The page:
Although she quickly became a ranch wife and busy mother, Elsie kept up a strong interest in the Dubois school, serving on the school board for many years. In 1939, when she joined the board, the students ate lunch in the Legion Hall, Back wrote, where there was no water, no sewer, and no stove. The children were kept warm with a wood-burning heater, and a wood-burning cookstove was put in for the lunches. “Wood had to be split and carried in, water had to be carried in buckets, dish-water carried out in buckets.”

Before that, Bernice Welty had been making lunches at home, carrying them in baskets to the school along with the dishes, serving the 25 children at their desks, and then carrying the dirty dishes home again.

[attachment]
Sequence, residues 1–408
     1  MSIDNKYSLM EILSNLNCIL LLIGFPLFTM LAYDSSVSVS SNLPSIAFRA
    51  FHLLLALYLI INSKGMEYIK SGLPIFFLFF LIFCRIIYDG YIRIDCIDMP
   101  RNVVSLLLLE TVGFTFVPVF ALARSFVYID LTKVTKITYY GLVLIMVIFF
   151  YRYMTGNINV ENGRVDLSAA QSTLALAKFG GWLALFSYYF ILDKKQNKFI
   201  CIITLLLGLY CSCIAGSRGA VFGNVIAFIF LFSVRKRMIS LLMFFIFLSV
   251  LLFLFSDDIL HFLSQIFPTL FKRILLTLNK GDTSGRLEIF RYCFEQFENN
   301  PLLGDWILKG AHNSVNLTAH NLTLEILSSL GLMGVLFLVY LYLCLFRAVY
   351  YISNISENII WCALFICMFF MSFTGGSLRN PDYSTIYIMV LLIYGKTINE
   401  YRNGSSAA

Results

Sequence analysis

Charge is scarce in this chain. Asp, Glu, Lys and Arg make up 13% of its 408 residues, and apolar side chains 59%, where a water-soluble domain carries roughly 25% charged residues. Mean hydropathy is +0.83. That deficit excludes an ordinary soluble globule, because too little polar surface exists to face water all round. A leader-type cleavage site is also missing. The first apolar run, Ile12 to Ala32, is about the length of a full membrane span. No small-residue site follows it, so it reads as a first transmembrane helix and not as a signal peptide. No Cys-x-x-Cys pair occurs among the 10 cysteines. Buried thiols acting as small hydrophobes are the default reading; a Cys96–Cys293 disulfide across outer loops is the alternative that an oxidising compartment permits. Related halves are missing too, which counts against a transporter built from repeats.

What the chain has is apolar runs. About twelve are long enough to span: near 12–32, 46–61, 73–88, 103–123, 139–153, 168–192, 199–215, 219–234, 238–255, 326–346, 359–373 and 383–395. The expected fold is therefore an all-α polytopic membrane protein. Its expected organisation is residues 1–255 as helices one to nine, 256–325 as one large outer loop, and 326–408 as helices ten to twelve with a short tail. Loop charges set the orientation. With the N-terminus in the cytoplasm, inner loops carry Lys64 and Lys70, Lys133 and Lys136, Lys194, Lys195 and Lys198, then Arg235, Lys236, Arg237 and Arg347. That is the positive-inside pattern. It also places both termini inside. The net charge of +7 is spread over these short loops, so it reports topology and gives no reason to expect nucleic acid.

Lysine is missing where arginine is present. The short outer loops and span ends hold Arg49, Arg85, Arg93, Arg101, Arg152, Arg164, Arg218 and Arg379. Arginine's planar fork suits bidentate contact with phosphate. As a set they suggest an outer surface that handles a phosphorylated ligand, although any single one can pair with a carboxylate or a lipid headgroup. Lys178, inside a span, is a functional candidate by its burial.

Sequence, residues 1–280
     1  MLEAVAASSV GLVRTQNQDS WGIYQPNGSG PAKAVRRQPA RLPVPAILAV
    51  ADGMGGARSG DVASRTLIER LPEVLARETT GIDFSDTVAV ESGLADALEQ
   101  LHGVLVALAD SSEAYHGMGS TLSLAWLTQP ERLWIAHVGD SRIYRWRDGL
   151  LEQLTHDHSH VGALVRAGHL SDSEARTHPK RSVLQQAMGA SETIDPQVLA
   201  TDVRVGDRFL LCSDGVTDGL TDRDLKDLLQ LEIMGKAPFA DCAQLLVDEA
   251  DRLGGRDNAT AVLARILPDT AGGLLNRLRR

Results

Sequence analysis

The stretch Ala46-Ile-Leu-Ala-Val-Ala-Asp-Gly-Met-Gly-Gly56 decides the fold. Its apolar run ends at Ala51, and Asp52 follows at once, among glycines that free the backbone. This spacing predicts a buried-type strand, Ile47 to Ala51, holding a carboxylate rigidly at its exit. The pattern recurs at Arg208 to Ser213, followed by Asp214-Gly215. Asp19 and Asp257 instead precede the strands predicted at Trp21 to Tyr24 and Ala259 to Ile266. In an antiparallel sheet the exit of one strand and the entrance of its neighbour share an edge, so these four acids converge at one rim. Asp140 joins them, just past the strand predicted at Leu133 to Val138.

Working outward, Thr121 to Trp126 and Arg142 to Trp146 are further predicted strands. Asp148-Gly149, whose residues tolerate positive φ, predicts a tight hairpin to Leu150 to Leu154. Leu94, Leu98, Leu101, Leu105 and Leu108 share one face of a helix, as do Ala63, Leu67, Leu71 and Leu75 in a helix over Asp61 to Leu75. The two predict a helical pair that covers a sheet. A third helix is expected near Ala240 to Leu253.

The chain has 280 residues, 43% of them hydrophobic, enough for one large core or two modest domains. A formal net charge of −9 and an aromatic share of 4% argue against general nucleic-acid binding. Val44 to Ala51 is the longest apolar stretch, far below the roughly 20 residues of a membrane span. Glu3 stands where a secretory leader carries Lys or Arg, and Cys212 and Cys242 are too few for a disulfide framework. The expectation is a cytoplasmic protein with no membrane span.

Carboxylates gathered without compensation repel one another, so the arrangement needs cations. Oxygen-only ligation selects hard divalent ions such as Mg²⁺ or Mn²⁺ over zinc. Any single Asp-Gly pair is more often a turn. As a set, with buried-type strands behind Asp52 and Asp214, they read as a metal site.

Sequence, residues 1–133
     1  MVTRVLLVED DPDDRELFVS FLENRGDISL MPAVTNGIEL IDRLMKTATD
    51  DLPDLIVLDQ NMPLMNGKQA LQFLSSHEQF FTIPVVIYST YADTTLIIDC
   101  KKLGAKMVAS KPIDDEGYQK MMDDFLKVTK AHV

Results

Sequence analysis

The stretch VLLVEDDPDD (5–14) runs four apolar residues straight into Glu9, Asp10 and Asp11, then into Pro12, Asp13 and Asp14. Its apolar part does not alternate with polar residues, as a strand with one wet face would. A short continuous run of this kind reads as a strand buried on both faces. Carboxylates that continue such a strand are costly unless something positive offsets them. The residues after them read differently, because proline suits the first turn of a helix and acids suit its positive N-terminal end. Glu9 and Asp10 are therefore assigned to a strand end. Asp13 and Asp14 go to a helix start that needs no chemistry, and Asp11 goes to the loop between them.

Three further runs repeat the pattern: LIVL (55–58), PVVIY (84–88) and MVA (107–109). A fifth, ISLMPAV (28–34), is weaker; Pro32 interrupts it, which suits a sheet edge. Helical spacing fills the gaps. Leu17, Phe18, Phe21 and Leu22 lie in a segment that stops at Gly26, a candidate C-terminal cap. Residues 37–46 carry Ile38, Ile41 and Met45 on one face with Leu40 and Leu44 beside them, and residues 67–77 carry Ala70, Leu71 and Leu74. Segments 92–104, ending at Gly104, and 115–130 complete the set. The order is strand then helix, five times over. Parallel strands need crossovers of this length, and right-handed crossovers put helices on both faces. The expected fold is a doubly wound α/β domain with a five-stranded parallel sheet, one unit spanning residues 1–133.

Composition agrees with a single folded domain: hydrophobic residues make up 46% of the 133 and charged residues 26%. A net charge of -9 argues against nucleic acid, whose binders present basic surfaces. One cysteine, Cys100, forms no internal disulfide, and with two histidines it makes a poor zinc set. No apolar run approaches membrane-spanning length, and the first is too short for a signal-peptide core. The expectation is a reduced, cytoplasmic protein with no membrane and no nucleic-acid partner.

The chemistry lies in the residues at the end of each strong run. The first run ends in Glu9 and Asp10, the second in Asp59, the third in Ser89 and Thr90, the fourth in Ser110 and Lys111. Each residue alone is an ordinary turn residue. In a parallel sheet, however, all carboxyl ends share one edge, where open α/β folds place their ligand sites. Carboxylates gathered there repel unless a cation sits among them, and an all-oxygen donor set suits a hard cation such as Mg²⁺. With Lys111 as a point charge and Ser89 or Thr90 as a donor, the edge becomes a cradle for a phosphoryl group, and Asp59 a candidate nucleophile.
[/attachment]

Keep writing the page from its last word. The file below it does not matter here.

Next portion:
TheStoneHotelI’ve been reading this week about Elsie and Floyd’s world, thanks to two unexpected gifts that dropped into my Inbox from their great-granddaughter, Gabby Cook. She was kind enough to scan and send me Mary Back’s typewritten biography, as well as the century-old account of a hunting trip that Floyd guided, as told in great detail by Fish.

Thus, in the middle of a busy, mundane week, I was thrust suddenly and vividly back into Dubois of a century ago, a place so like the old Westerns that it gave me the dizzying feeling of being in reality and unreality at once.

Fish describes a visit to that saloon next to the cave during his first evening in Dubois:

“The place was crowded with cow punchers and hangers-on. Everyone seemed to be having a good time for the liquid was flowing fast…One old man kept cussing at the proprietor much to the enjoyment of his drunken friends who were anxious for a fight. It did not take long to start the fracas. Slim, the proprietor, finally lost his temper and came around from behind the bar to throw the offender out. … As soon as they were parted a few hot words were exchanged and then it was decided that the drinks were on the house.”